Hurricane Ike Causes Ohio Auto Insurance Rates to Increase
For most of the U.S., fall is a welcome season, full of vibrant colors and cooler weather. However, in some parts of the world, this season brings hurricanes and destruction.
For Galveston Texas, 2008 was that kind of year. It was much more than just rain and thunder. Last September, residents were assaulted by Hurricane Ike. In fact, Ike was the third most destructive hurricane to invade land in the United States and the most intense of the 2008 Atlantic hurricane season.
It started as a tropical disturbance off the coast of Africa in August 2008 and aggressively arrived in Texas as a Category 2 Hurricane on September 13, 2008. Southern Ohio (Dayton, Cincinnati, and Columbus) was recorded as the highest hit area.
Ike has been held responsible for 195 deaths and an estimated $24 billion in damages in the United States alone. Of those who died, 112 who were Americans (72 in Ohio); and 25 people are still reported missing.
But this fall, it is not just Hurricane Ike that the homeowners are bracing for; they will soon be hit with homeowners and auto insurance rates that will hike as much as 8.5 percent, according to the announcement by State Farm. Allstate claims that average rate hikes will be 5.5 percent with more increases along the coastal areas.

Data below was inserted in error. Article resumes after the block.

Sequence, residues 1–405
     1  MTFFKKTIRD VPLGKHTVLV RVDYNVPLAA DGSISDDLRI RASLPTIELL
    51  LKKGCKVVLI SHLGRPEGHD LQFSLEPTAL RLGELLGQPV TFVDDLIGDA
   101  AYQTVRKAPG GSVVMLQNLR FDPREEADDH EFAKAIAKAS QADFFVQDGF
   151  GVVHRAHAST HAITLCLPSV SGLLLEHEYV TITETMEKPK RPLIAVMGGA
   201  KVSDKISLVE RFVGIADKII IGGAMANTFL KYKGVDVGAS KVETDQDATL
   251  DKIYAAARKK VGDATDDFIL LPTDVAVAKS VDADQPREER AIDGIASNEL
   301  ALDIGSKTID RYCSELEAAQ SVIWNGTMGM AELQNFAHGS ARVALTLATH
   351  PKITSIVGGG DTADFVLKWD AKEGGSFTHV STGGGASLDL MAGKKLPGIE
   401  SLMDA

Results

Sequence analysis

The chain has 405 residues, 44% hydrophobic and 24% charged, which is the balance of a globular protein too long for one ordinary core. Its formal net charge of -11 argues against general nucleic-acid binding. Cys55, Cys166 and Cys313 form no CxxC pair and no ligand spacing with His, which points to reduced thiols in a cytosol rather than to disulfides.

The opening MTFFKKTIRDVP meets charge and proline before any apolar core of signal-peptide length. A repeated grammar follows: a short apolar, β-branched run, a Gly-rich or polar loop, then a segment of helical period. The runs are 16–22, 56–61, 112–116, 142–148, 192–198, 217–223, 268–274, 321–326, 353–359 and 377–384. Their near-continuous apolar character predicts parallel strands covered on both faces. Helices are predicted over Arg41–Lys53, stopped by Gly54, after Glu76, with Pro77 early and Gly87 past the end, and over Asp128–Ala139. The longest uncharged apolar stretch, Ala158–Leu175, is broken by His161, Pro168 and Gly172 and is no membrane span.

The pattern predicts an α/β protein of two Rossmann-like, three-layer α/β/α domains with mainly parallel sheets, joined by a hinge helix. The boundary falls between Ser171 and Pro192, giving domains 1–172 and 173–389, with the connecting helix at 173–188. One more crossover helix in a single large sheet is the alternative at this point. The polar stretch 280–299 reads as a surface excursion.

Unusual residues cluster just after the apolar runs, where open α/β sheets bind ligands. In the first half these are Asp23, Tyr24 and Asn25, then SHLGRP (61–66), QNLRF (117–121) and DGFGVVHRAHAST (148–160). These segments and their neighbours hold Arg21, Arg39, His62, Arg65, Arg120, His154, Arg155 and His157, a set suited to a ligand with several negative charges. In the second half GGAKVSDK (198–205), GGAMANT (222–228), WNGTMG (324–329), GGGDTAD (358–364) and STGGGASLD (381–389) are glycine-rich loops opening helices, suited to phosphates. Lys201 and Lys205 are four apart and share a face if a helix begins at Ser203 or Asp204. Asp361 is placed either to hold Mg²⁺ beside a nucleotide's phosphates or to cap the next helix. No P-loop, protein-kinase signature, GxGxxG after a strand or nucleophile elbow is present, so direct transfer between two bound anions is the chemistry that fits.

The Ohio Department of Insurance stated that while homeowners’ coverage rose 6.9 percent last year, the auto insurance industry followed suit with a .8 percent increase. Insurance analysts project that homeowners’ premiums and Ohio auto insurance rates will continue to rise throughout 2009.
Residents and victims of the destruction have no recourse but to use the policies they paid for to recover their losses, and now they have to pay for it with higher premiums. Insurers continue to argue that the rate hikes are determined with projections of future losses. What is the difference?
Sources estimate that the insurance payments from Hurricane Ike’s vicious blow will reach $9.8 billion. $553.1 million of those payments will be to cover the devastating damage in Ohio alone, stated a trade group.
It is agreed that the insurance industry must protect itself from risk. Storms, hurricanes, and other acts of God deplete the insurance industry’s capital and limit future financing of contracts. Many suspect that things could get worse, especially if a relative of Ike returns to strike for a second time. The residents and their insurers both need protection from the storms that bring winds, rain, policies, and claims.
Other areas that were hit by Hurricane Ike were Cuba, the Bahamas, and Haiti; a reported total of $32 billion in damages.